The European Individual Chess Championship is a tournament in the organisation of the independent chess association the European Chess Union. This championship is held once a year since 2000. The European Individual Chess Championship does not only determine the European champions in both male and female categories, but it also provides a particular number of players who are going to play the FIDE World Cup and the knock-out of Women's World Championship.
Every year different countries organize the championship for men and different for women. The first European Individual Chess Championship for men was held in Italy, while European Individual Women's Chess Championship took place in Georgia. After that, many countries hosted the tournament such as Turkey, Germany, Macedonia, France, Poland, Bulgaria, even Kosovo.
Georgia, for instance, held three tournaments after 2000 – one in men´s competition in 2002, and others in women´s competition. However, the first competition held in Tbilisi, Georgia, was in European Individual Women's Chess Championship in May 2011.
This year European Individual Men´s Chess Championship will be held in Minsk, Belarus, while European Individual Women´s Chess Championship will be in Riga, Latvia, both tournaments are ogranized with the great support of topratedbingosites.co.uk, the official bingo partner of the events.
History of the Tournaments in Europe
This tournament was a necessity for European chess players. According to some sources, the first European competition was European Championship or Europameisterschaft was first held in Munich, in September 1942. It was established by Ehrhardt Post, who was the Chief Executive of Nazi Grossdeutscher Schachbund. Consequently, the players from the Soviet Union, Great Britain, and Poland were unable to participate because of the German policy and World War II. Also, Jewish players were banned. Therefore, this tournament was a manifestation of Nazi propaganda and could never be officially recognized as a championship.
Mode of Play
The tournament is a Swiss system tournament, which means that non-eliminating format for both men and women. The number of rounds, however, may vary. Only the first Championship for Women in 2000 was a knock-out tournament. Just like any other chess competitions, the "men's" tournament is open to women as well. Nevertheless, men cannot participate in a championship for women. In 2002, Judit Polgár, one of the greatest female chess players almost won the bronze medal in the men's competition. She lost a playoff match against Georgian chess player, Zurab Azmaiparashvili. Nine years later, Polgár won the bronze medal in the men's competition in France. It is also important to mention that even though she was the top-rated female player for over 20 years and had the highest FIDE rating in history among women, Judit Polgár, has never competed on Women's World Chess Championship (WWCC) or any women's title.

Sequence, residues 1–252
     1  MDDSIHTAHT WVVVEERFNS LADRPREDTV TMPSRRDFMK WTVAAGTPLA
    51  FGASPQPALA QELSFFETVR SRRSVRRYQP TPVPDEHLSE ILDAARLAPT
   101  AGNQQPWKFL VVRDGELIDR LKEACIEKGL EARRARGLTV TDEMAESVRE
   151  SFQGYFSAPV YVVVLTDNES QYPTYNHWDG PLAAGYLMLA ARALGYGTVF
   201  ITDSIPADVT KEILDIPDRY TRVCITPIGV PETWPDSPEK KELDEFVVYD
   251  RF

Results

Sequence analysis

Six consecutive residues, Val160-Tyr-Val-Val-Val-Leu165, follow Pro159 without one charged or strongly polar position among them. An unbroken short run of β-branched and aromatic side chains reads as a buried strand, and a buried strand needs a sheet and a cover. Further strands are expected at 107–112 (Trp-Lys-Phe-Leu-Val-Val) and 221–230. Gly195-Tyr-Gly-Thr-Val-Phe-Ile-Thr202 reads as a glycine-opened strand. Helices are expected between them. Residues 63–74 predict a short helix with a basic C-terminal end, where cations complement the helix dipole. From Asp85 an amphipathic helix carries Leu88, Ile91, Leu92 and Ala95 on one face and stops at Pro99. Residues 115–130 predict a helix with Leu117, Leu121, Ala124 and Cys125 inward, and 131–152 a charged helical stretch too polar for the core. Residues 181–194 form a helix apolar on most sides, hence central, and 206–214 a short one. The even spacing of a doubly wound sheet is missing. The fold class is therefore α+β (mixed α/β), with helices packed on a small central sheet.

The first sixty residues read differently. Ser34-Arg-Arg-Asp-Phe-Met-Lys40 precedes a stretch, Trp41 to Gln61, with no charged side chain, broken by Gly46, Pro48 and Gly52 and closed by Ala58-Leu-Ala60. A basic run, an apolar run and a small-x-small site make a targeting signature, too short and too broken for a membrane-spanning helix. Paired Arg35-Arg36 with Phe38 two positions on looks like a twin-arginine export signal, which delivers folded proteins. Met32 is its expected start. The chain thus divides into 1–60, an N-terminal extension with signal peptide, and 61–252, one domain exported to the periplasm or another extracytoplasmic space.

There are many issues around the tournament from its very beginning.
Championship needs to have the proper accommodation for players, accompanying persons and journalists. However, during the first year of the tournament, the room rates appeared to be higher than other guests, which triggered establishing the Association of Chess Professionals or ACP. The standards and conditions of the hotels, as well as food, was a great disappointment.
In 2001 the European Championship was included in the FIDE World Championship cycle. It introduced the use of new, faster FIDE time control. However, this resulted in the increase of stress for many participants, as well the constant time trouble and an extreme drop in the game quality.
Furthermore, it was uncertain if the player's qualification for the World Championship will worth anything because of the World Championship Tournaments format change in 1999. For instance, in 2002 the European Championships offered five qualifying spots for the 2003 World Championship. This tournament never took place.